Paul encourages the Philippians to follow after his example and observe those who are walking according to the pattern given by the Apostles. He contrasts this form of walking with a warning of many whom walk, which he’s saddened to say this, are enemies of the cross of Christ. He notes that these people, who will receive destruction, are walking according to their appetite being their God, their glory in their shame, and their minds set on earthly things. Let’s go to our handy and see the meaning of these words in verse 19 so you know what not to walk according to.

Koilia (is there appetite) – to be given up to the pleasures of the palate, to gluttony

Aischynē (shame) – ignominy, disgrace, dishonour, a thing to be ashamed of

Epigeios (on earthly things) – existing upon the earth, earthly, terrestrial

I think the meaning for Koilia in particular is something to really analyze. Palate refers to mouth, which we pleasure that through good tasting food. The meaning of the word gluttony would seem to confirm this understanding being accurate, because it means habitual greed or excess in eating. Now in western culture in particular, the common knowledge is that it’s not polite to discuss someone being overweight, but this is something scripture doesn’t seem to shy away from. I’m not trying to be rude to anyone that is overweight, but those of us who want to be authentic followers of Christ according to the Word of God have to think about this. One who makes their appetite their god, or in other words, actively eats excessively, according to God’s Word is committing a sin.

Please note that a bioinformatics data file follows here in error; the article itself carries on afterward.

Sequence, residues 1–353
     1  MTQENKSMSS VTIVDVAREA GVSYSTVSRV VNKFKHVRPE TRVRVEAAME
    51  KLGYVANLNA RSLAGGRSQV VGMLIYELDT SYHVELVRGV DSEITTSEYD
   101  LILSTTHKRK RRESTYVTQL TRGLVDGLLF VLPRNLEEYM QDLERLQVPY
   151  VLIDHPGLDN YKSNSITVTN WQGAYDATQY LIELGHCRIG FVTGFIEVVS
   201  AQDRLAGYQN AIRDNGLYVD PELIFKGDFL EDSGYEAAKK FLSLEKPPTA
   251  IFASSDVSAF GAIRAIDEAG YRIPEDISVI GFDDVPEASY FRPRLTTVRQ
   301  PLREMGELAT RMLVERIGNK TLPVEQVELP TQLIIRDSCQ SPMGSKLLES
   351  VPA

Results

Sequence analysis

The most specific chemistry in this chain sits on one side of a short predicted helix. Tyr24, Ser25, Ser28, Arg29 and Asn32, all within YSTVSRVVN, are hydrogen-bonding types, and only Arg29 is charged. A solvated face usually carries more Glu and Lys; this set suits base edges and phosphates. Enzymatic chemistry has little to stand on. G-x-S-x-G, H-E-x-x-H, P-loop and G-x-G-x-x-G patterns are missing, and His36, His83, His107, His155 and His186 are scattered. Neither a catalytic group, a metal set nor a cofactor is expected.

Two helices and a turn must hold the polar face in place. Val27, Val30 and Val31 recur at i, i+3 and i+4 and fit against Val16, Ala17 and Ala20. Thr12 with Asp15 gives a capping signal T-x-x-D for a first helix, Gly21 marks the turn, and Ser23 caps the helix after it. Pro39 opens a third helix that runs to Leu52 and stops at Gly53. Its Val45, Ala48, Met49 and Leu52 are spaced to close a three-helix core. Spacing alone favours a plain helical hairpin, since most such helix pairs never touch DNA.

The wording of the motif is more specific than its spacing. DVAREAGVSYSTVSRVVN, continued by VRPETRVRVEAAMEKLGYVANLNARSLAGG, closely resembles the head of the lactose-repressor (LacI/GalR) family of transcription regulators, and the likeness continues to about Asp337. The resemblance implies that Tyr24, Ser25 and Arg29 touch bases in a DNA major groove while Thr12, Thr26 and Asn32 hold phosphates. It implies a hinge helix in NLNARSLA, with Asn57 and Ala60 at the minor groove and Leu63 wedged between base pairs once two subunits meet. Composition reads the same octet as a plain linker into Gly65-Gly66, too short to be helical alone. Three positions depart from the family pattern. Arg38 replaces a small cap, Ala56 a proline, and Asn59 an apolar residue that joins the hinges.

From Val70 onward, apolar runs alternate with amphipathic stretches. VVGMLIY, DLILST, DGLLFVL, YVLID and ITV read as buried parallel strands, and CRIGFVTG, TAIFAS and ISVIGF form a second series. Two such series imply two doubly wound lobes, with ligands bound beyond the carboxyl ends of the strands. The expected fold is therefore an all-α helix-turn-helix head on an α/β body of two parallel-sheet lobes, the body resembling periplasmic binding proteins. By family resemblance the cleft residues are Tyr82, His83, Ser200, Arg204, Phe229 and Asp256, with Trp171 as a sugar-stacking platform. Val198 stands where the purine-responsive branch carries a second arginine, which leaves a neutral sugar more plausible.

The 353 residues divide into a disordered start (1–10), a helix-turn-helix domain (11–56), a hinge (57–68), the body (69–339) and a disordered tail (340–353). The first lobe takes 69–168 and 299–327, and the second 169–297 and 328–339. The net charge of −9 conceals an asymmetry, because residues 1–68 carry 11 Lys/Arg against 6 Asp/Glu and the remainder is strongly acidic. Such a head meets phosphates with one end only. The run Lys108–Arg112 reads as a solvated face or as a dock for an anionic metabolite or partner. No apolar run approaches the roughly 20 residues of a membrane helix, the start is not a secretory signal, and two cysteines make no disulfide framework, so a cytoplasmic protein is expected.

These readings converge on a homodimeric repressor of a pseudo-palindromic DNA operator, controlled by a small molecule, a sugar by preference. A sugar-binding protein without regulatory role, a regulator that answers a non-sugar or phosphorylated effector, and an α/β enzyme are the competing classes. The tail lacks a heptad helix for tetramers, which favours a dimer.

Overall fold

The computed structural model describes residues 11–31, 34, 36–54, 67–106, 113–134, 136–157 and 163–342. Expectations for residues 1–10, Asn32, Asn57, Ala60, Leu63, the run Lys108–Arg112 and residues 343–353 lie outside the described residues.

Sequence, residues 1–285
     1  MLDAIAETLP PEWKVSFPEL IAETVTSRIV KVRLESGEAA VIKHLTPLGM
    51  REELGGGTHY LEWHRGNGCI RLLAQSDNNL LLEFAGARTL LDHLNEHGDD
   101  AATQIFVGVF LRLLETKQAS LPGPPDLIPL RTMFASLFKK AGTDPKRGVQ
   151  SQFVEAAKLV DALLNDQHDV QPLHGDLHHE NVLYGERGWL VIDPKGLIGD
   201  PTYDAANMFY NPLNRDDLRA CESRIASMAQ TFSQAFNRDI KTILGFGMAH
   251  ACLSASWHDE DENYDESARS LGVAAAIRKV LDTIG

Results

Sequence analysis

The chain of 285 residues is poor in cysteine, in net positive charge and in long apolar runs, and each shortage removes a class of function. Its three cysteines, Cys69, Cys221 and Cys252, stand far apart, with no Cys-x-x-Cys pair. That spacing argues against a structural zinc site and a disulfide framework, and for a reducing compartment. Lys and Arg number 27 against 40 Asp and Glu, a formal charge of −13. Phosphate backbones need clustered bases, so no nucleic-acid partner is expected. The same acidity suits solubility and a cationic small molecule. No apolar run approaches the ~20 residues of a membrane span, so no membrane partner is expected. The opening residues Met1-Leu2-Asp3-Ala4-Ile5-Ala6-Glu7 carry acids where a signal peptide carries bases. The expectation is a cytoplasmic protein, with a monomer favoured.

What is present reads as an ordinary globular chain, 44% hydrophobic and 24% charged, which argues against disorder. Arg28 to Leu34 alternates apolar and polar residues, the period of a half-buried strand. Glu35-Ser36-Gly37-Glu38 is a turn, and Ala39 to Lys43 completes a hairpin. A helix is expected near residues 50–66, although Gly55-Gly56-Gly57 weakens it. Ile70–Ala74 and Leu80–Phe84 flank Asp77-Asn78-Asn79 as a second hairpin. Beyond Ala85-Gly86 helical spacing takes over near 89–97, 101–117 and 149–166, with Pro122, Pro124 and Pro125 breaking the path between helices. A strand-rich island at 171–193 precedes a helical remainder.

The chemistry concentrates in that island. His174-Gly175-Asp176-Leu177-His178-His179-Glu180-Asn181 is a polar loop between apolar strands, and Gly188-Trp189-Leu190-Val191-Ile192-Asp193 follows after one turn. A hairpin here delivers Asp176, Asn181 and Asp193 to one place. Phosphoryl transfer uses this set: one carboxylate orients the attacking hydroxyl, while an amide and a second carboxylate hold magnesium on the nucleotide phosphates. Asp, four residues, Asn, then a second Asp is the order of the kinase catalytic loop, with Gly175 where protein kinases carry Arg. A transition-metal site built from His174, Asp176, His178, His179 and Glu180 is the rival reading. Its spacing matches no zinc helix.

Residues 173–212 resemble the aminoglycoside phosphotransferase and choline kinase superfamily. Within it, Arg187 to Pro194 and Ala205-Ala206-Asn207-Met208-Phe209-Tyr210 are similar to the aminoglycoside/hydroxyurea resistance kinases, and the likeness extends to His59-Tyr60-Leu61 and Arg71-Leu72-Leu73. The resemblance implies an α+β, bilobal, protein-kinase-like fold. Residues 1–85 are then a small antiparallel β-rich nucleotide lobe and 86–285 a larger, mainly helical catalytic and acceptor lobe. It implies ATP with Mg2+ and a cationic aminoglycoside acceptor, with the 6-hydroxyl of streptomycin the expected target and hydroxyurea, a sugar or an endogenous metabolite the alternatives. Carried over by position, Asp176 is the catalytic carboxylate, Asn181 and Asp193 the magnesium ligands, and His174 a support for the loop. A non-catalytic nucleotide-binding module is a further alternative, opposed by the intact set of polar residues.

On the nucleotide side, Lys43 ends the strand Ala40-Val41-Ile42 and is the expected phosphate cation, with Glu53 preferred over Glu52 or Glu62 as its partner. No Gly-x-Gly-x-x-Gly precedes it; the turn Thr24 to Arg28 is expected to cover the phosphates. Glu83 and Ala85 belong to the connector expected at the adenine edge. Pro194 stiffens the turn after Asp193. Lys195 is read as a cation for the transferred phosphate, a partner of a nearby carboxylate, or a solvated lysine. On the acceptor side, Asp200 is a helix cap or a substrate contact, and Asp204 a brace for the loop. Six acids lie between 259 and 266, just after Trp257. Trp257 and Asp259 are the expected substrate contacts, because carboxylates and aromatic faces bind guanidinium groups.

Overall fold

The last two verses that close this third chapter state, “20 For our citizenship is in heaven, from which also we eagerly wait for a Savior, the Lord Jesus Christ; 21 who will transform the body of our humble state into conformity with the body of His glory, by the exertion of the power that He has even to subject all things to Himself.” Citizenship is a word that refers to political loyalty and a homeland in which one proclaims as theirs. It’s interesting that the political loyalty and homeland Paul stresses as that in which Christians should proclaim is heaven, and consequently Christ whom Christians are eagerly awaiting for. The Philippians were also Roman citizens as well, but Paul puts their heaven/Christ citizenship above that in only recognizing them by their heavenly citizenship. Think about that. It seems one should not tie other kinds of loyalties (country for example) with one’s loyalty to faith, which in some cases the tying of those loyalties with faith can seem to reach levels that have the appearance of idolatry. Is your heavenly citizenship in Christ above all other identifications you hold in life?

The last verse is very intriguing in giving us insight into what will happen with our physical bodies, in that they will transform from this current state to a state of conformance with the body of His glory. It’s a very hopeful and beautiful to imagine that the next state we as Christians transform to will be infinitely better than the current state that we are in for now. As always any thoughts, questions or comments, feel free to leave them below. If this post enlightened you in anyway, I’d greatly appreciate you taking a quick few seconds to share this on your social media. Peace to all those who are in Christ.